Lonrho v Shell Case Summary

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Last modified: 07/03/18 Author: In-house law team

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Lonrho Ltd v Shell Petroleum Co Ltd [1982] AC 173

Tort – Cause of action – Foreseeable loss – Unlawful act – Whether arising from breach of statutory prohibition


Shell operated an oil refinery in Southern Rhodesia (SR). Lonrho constructed a pipeline from a port in Mozambique where oil would be shipped to, as per the agreement between Lonrho and Shell. Shell was the principal participating company. The SR government declared independence, causing the UK to pass legislation criminalising the supply of oil to SR. The pipeline became disused and Lonrho suffered a consequential loss of revenue. Before the legislation, the participating companies had assured SR they would continue to supply oil, which had influenced the inception of independence and prolonged the disuse of the pipeline. Lonrho sought damages.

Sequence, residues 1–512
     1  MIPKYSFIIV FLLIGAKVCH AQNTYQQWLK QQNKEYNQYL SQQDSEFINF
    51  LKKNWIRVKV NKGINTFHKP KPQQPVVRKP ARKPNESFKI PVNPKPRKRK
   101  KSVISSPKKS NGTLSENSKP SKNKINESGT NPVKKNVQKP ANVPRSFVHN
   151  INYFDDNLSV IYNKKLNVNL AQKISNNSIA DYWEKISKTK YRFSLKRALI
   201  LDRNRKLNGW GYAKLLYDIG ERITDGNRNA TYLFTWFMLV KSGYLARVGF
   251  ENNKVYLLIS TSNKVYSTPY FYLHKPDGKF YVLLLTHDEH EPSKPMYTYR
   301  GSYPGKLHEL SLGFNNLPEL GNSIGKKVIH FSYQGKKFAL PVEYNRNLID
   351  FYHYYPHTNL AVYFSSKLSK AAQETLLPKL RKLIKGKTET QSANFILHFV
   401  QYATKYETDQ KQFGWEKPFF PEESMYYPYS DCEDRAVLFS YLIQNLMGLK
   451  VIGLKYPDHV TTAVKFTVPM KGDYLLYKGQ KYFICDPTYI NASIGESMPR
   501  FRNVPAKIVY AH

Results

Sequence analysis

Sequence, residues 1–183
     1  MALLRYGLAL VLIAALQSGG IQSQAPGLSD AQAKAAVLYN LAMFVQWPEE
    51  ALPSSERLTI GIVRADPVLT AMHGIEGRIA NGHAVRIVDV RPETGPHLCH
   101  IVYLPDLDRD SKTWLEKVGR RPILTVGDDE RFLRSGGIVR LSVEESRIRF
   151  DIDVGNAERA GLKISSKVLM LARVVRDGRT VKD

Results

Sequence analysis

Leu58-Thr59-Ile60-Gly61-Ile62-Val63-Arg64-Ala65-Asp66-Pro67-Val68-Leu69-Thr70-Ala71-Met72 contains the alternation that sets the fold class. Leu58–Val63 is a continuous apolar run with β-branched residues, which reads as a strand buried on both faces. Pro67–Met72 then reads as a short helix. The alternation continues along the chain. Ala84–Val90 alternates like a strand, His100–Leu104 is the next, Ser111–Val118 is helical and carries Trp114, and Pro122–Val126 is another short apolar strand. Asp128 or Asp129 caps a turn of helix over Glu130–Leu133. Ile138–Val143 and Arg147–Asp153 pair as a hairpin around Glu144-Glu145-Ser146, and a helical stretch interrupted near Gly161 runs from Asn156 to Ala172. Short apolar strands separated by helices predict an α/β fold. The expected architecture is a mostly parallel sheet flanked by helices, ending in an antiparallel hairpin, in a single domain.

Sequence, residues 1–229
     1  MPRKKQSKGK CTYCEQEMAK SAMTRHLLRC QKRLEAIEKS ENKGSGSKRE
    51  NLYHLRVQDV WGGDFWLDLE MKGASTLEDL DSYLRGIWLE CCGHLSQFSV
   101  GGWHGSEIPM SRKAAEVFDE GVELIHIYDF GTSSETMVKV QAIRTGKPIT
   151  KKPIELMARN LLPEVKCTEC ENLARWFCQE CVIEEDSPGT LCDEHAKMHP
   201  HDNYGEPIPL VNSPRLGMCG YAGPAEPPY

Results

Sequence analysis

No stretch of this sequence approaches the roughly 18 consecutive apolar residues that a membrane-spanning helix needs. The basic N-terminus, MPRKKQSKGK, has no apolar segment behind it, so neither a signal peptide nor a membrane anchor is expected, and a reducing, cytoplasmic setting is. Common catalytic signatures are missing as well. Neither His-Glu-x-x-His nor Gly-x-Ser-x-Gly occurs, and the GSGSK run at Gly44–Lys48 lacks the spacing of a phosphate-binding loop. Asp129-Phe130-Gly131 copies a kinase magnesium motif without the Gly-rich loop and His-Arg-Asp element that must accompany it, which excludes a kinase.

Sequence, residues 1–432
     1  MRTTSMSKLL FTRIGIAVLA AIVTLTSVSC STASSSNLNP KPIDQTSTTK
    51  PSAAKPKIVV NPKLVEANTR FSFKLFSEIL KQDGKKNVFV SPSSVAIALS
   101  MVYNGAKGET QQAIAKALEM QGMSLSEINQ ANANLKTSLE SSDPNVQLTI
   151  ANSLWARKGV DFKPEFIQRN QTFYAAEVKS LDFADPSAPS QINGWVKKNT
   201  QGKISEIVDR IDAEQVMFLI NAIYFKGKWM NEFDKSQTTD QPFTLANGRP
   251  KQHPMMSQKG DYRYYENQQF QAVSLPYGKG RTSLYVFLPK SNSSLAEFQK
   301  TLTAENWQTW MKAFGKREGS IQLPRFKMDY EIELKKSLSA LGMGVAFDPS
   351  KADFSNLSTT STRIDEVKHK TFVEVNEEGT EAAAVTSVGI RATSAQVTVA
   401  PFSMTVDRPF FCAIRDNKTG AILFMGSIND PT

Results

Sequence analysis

Whether the foreseeable loss of Lonrho’s revenue caused by Shell and other participating companies could be seen as a loss by an unlawful act, or as a joint tort of conspiring to do an unlawful act which entitled Lonrho to damages.


The appeal was dismissed. The allegations that the participating companies had guaranteed the supply of oil to the government did not give Lonrho a cause of action in tort, as any breach of the prohibition of the supply was not enough to found such right. The conspiracy was held not to assume there was an intention to injure, there was only alleged actual knowledge that damage would be suffered. Where an agreement was made to protect the self-interests of the participating companies, and not for the purpose of injuring the appellants, even when the actions of the agreement to supply oil could be criminalised by legislation, there was no such right based on the tort of conspiracy. Therefore, Lonrho had no cause in action and no right to damages.

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